Copper plays a crucial role in modern society. It is used by more people in more professions than most people realise.
To name just a few, copper helps designers create exceptional ornaments to adorn our homes, allows watchmakers to make accurate timepieces that help keep us on schedule, enables chefs to create tantalising dishes for us to savour and helps nurses keep us free from infections.
Copper has been used since ancient times and, as society and technology continue to progress, new copper careers will no doubt also benefit from this highly versatile material.
Working with copper, you can become ...
Building on copper’s durability and elegance, I create golden façades that catch the sun and rooftops that become green and more remarkable with age. Copper can be easily fashioned into complex curves or strict lines and the kaleidoscope of colours that copper and copper alloys offer makes them the most multi-tasking of metals.
Interior fashions may come and go, but copper will endure. No other metal offers the vast range of colours that allow me to explore and exploit my artistic talents. From striking centerpieces to surprising accessories, why should copper ever lose its shine?
Copper is my companion on my journey of discovery. As one of the transition metals, it is highly versatile and offers many unique properties that make it ideal for developing new applications and creating novel solutions. Non-sparking, it is also safe to work with, so I know nothing will explode, unless I want it to.
Fully recyclable without any loss of performance, copper and renewable energy could be viewed as relatives in the family of sustainability. Both have been used for hundreds of years, but copper is still, very much, one of the metals of the moment and a sustainable resource for future generations.
It is my job to search for the new deposits of copper that the world needs. Whether this is in the mountains of the Andes, the plains of Mongolia, or under the sea, I need to explore, analyse samples and make decisions on where the mines of tomorrow will be built.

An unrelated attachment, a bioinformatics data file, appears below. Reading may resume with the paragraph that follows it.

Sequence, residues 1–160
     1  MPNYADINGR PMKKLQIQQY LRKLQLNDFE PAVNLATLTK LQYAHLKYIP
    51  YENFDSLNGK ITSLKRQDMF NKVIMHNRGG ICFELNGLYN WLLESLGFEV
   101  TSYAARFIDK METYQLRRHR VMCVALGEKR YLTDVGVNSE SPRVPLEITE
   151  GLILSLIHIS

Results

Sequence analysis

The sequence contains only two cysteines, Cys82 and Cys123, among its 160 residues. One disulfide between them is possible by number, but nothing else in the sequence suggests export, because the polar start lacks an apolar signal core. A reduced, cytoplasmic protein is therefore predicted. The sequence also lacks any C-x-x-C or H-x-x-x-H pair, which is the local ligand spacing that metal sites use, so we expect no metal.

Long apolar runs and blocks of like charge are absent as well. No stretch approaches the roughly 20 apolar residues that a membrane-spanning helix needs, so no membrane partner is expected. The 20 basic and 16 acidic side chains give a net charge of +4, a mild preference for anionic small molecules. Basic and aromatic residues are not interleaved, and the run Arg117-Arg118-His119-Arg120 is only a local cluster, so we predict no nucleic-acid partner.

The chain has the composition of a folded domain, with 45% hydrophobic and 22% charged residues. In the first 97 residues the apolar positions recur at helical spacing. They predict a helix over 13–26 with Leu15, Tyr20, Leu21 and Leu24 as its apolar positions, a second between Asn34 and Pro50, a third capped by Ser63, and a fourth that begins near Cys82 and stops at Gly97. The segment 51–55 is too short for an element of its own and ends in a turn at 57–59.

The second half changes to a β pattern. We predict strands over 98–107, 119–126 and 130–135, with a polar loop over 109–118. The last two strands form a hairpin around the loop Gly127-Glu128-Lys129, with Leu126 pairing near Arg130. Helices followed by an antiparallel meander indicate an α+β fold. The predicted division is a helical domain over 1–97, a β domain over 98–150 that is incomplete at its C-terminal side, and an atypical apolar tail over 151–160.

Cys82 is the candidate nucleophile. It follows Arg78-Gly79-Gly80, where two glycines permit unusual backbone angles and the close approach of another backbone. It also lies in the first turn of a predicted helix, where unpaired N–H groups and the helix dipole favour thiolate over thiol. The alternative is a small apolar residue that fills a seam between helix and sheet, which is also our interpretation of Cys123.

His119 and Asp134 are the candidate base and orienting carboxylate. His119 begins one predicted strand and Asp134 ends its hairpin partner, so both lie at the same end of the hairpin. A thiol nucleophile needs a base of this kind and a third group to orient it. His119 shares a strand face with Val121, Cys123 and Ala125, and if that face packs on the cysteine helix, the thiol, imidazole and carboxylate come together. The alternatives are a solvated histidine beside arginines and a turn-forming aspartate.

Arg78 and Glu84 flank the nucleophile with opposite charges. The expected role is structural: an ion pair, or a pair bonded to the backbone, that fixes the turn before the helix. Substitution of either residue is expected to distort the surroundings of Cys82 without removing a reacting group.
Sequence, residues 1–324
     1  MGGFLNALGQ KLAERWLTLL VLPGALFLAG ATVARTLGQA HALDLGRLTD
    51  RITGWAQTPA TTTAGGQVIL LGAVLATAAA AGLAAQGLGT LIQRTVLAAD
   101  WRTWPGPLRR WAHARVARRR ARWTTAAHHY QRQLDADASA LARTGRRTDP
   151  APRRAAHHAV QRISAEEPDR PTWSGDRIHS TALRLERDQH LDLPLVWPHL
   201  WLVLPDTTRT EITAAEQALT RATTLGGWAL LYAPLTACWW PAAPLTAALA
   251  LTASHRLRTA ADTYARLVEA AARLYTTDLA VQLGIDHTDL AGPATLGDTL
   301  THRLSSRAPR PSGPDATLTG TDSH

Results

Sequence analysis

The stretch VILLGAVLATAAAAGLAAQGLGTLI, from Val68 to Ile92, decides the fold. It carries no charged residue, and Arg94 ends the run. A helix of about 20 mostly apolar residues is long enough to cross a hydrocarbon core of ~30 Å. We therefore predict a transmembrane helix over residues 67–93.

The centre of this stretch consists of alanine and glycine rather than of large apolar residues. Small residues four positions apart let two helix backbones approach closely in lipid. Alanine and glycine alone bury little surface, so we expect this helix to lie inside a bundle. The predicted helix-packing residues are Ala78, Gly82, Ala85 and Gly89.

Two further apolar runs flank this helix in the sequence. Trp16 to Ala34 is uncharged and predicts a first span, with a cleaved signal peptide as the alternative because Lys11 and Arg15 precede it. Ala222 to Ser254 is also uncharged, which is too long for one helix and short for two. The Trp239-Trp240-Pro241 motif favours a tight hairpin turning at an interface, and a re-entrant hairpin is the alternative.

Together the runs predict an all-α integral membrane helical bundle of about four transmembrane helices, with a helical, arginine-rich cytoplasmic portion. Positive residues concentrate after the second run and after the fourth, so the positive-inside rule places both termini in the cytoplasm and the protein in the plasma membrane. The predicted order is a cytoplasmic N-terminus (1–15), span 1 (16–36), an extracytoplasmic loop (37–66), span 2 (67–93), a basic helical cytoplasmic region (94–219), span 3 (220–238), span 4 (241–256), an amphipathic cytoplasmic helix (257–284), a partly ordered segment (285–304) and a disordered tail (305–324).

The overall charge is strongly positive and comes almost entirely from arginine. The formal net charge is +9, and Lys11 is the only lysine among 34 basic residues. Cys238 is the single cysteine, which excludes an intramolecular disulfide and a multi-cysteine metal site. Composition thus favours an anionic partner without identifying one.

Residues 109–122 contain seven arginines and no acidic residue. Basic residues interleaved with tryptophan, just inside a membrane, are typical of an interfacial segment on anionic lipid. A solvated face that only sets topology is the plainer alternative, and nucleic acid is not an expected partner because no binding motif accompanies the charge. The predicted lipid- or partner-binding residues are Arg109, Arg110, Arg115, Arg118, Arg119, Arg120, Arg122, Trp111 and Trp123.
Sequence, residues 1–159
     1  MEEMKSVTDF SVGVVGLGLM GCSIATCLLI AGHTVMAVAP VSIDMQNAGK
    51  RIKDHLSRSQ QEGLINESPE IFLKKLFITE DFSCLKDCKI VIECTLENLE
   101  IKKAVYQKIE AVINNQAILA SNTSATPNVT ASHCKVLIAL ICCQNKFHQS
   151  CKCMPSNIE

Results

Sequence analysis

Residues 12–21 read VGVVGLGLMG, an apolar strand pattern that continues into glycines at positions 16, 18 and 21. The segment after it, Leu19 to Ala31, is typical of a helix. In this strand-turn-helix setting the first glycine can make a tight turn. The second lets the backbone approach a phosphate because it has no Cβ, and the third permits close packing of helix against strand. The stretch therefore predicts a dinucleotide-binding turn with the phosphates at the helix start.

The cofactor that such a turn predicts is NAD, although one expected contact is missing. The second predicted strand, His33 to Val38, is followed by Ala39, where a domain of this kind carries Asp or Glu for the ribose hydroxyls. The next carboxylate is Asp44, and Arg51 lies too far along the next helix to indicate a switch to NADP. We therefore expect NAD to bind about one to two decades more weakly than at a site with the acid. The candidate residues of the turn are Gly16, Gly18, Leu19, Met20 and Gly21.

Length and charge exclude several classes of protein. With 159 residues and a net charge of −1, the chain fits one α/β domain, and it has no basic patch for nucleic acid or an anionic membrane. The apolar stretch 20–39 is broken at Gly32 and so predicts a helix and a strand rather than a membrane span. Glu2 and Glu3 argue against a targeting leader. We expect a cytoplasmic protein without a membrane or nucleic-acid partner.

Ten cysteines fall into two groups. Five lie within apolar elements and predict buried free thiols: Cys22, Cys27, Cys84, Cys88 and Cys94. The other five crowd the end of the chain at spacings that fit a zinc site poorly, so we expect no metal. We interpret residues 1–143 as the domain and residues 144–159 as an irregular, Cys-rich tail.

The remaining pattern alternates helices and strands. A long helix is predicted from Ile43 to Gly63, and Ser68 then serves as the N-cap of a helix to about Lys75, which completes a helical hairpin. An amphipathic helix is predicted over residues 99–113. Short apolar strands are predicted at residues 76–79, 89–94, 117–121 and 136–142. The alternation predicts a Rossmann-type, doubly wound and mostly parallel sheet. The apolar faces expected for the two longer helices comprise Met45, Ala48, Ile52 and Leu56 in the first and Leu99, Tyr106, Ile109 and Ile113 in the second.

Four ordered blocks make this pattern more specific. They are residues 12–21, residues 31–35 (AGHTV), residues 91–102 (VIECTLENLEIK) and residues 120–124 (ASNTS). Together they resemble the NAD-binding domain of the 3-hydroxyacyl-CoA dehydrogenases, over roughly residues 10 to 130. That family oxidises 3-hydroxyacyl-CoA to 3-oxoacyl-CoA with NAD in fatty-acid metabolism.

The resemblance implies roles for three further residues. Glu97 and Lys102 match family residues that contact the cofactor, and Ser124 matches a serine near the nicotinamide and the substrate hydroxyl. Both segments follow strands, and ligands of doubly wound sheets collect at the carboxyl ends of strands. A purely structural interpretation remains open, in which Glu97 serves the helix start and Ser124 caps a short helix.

Copper can be mined underground and in huge open pits. I can use explosives to break free new ore, operate shovels that lift 80 tonnes in one scoop and drive trucks with wheels 4 metres in diameter, carrying 300 tonnes of ore.
While copper is an extremely durable metal, it is also highly malleable and easy to work with when hot. I can bend it, stretch it, roll it and mould it into just about anything the customer requires. Without impacting the quality of my products, I can also recycle old copper that has been recovered from end-of-life applications.
By mixing and matching with other metals, I exploit the technical capabilities of copper into a broader range of products. The most common alloys – bronze, brass and copper-nickel – allow me to provide innovative and resource-efficient solutions for a wide range of downstream industries.
For me, the sky’s really the limit since I use copper to create architecturally-decorative roofs and façades that will last for decades, even centuries. Copper will change colour over hundreds of seasons but copper roofs will remain as sound as the day they were constructed.
My job is to ensure that the pipes and fittings that deliver water and gas to our homes and offices are put together safely and don’t leak. While I have many sizes of copper pipes, plus a whole range of copper and copper alloy fittings, taps and valves to choose from, one of the key benefits of a cooper installation is that industry standards allow me to join elements from multiple suppliers. This is really important when I am carrying out renovation work and repairs.
Traditional soldering and brazing techniques are still used, and new technologies- such as mechanical press fittings- can be used in places where naked flame is not allowed.
Due to copper’s outstanding conductivity, my profession almost certainly uses more copper than any other. Copper reinforces the safety of electrical installations, reduces energy losses, improves energy efficiency and helps to lower the lifetime cost of electrical components. Wherever you find electricity, no matter how large or small its usage, you will find copper.